Legal – We have been really successful partnering on lawsuits that our members are involved in.  Commercial General Liability policy clears Iowa Court of Appeals – This is our lawsuit along with Hubbell Realty and Associated Builders & Contractors and we just won again on appeal.  The bottom line is that the Iowa Court of Appeals decided the issue in favor of contractors and against insurers. The history of the CGL policy form reveals a deliberate effort by the insurance industry to provide coverage for property damage arising from defective construction, and contractors doing business in the State of Iowa depend upon that coverage. The district court analyzed the history of the CGL forms and the plain language of the Arch Policy and properly concluded defective work may be an “accident” and therefore constitute an “occurrence” under the Arch Policy.  This is a great win for our members.

On August 31, 2016, the Iowa Court of Appeals entered its decision in a case involving an issue of first impression regarding Iowa’s mechanic’s lien law, which came after Davis Brown Law Firm attorney Jodie McDougal’s February 24, 2016, oral argument to the court in her representation of HBAI member, Standard Water Control Systems, Inc.

In a 2014 trial, Standard Water successfully obtained a judgment in its favor on a mechanic’s lien suit filed against certain homeowners who had not fully paid their bill for Standard’s installation of a waterproofing system within their house. As part of its judgment, Standard obtained a favorable ruling on an issue involving Iowa’s new pre-lien notice law and an order granting its request for foreclosure of its mechanic’s lien.

Specifically, the trial court ruled that general contractors/direct contractors without subcontractors, such as Standard Water, are not required to file a Commencement of Work Notice on the new MNLR registry at the outset of the project or otherwise required to fulfill any pre-lien notice requirement prior to the filing of a mechanic’s lien. The homeowners appealed the trial court decision, and the Iowa Court of Appeals has now entered its decision on the matter.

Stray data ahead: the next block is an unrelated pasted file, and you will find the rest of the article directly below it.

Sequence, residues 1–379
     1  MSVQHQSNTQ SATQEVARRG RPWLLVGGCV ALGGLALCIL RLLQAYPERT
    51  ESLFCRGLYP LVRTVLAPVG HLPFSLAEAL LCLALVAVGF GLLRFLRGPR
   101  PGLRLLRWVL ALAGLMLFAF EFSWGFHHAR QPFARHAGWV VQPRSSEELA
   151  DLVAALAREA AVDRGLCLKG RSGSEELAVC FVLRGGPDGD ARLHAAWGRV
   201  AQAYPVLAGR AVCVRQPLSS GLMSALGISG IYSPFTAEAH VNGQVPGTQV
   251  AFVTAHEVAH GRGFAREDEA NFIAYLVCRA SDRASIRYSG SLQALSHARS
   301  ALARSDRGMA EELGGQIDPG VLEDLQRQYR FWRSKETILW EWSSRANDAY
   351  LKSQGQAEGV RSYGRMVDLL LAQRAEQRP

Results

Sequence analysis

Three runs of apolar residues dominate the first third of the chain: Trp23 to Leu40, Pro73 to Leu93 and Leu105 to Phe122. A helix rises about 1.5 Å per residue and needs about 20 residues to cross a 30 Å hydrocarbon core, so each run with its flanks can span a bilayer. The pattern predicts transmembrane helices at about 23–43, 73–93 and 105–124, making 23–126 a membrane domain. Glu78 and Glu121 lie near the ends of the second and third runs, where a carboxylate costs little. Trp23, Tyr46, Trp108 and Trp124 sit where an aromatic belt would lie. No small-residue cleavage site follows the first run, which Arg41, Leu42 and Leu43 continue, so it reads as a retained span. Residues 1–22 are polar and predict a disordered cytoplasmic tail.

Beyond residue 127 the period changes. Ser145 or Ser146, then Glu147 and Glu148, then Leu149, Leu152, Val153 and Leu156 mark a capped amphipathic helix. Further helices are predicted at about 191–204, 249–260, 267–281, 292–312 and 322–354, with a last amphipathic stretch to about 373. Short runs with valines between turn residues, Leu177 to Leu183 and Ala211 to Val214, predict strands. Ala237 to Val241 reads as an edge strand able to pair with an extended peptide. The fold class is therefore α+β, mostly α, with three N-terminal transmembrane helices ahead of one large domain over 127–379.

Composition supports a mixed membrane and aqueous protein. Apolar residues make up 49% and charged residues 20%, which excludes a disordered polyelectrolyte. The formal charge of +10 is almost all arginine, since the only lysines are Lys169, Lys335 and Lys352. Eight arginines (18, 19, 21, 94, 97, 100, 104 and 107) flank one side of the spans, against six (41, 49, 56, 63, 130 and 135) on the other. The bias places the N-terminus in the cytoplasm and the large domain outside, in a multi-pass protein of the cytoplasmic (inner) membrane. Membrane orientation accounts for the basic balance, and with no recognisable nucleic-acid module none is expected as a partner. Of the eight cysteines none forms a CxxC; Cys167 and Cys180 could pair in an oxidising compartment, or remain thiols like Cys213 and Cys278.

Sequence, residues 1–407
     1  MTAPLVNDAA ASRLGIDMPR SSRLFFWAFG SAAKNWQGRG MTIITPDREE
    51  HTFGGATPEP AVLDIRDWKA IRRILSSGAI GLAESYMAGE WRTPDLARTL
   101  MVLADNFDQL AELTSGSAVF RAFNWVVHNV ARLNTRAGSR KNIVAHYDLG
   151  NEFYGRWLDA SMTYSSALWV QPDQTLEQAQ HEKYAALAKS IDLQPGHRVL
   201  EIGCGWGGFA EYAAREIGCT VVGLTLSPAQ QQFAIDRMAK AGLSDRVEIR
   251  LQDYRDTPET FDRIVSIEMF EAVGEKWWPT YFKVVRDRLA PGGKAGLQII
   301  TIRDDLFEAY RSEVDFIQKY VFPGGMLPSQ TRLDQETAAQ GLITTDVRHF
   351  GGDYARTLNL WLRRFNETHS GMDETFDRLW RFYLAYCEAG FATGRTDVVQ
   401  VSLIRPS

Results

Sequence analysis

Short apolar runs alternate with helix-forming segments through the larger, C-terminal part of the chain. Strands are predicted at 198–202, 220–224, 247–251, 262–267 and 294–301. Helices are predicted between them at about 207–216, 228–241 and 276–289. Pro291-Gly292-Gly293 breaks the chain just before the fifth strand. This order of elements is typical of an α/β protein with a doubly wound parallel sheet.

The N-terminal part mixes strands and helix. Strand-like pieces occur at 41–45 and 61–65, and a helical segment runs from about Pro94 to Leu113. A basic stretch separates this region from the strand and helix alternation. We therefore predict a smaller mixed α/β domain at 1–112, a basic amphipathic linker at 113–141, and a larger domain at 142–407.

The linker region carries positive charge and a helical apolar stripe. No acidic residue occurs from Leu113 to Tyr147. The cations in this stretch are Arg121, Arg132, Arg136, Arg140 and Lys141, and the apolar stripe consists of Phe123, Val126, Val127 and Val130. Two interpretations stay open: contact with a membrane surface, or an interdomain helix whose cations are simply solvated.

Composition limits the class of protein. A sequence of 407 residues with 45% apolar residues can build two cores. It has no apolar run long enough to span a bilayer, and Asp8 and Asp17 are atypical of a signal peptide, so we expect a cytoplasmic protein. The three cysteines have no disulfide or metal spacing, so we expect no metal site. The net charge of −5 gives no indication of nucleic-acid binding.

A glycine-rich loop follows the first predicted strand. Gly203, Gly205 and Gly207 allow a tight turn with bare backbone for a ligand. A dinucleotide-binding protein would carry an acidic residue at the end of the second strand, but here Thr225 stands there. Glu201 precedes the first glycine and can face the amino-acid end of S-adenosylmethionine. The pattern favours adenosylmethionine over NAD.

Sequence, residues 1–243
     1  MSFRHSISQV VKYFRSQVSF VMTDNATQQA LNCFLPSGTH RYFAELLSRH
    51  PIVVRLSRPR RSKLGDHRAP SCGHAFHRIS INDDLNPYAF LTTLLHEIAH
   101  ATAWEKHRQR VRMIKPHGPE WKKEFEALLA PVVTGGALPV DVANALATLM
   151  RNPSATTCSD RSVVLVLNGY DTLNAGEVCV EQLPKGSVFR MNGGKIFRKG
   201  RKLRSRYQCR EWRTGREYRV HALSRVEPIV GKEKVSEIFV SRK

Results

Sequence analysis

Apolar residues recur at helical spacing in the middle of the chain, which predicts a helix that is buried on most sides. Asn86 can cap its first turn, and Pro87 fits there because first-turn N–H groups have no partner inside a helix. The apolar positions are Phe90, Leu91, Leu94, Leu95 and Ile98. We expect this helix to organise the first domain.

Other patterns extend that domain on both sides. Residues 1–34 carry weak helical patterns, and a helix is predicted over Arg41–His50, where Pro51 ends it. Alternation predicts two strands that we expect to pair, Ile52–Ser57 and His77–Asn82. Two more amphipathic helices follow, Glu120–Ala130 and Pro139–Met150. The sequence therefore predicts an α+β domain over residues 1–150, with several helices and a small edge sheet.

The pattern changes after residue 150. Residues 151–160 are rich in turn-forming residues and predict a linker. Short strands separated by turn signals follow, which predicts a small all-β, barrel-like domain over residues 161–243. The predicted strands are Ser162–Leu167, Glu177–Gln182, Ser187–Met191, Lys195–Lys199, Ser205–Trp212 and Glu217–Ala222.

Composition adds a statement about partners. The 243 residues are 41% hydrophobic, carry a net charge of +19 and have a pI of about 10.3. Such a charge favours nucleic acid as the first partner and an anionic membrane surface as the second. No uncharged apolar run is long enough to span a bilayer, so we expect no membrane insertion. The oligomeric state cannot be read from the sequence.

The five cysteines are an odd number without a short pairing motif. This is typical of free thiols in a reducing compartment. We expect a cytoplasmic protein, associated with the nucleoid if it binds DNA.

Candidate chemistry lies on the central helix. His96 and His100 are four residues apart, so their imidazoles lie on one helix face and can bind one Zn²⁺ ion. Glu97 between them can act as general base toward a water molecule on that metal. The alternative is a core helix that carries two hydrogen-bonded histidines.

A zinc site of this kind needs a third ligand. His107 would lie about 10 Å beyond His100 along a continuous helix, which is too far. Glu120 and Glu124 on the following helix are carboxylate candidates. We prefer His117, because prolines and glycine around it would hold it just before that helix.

In its August 31, 2016, decision, the Court of Appeals affirmed the trial court’s opinions regarding the mechanic’s lien and contract issues and, in particular, affirmed the trial court’s ruling that contractors without subcontractors do not need to file a Commencement of Work Notice at the outset of the project or otherwise fulfill any pre-lien notice requirements prior to filing a mechanic’s lien.

Scholarships – Our third annual Doug Mayo Memorial Golf Invitational raised over $26k in scholarship funds in 2016.  We use the funds for students entering into the building trades.  Our next event will beJune 23, 2017.

What Building 1,000 Homes Means to the U.S. Economy

According to NAHB’s National Impact of Home Building model, building 1,000 average single-family homes generates 2,975 jobs and $111.0 million in taxes and fees for all levels of government.  Similarly, building 1,000 average rental apartments generates 1,133 jobs and $42.4 million in taxes.

The jobs are measured in full-time equivalents (enough work to keep one worker employed full-time for a year), and are broad-based.  Although a substantial share of the employment is generated in the construction industry, other jobs are created for employees in firms that manufacture building products, transport and sell those products, and provide professional services to home builders and buyers (e.g., architects and real estate agents).  A breakdown by industry is shown below, along with the wages and business profits generated.


Region 10 Party at IBS January 11

Mark your calendars for Wednesday, January 11 from 5-7:00 p.m. at the Rosen Centre for our first ever Region 10 party.  Rather than our traditional Iowa party, we are going to co-host with North Dakota and Minnesota.  An invitation will be sent out separately.  It should be a great time!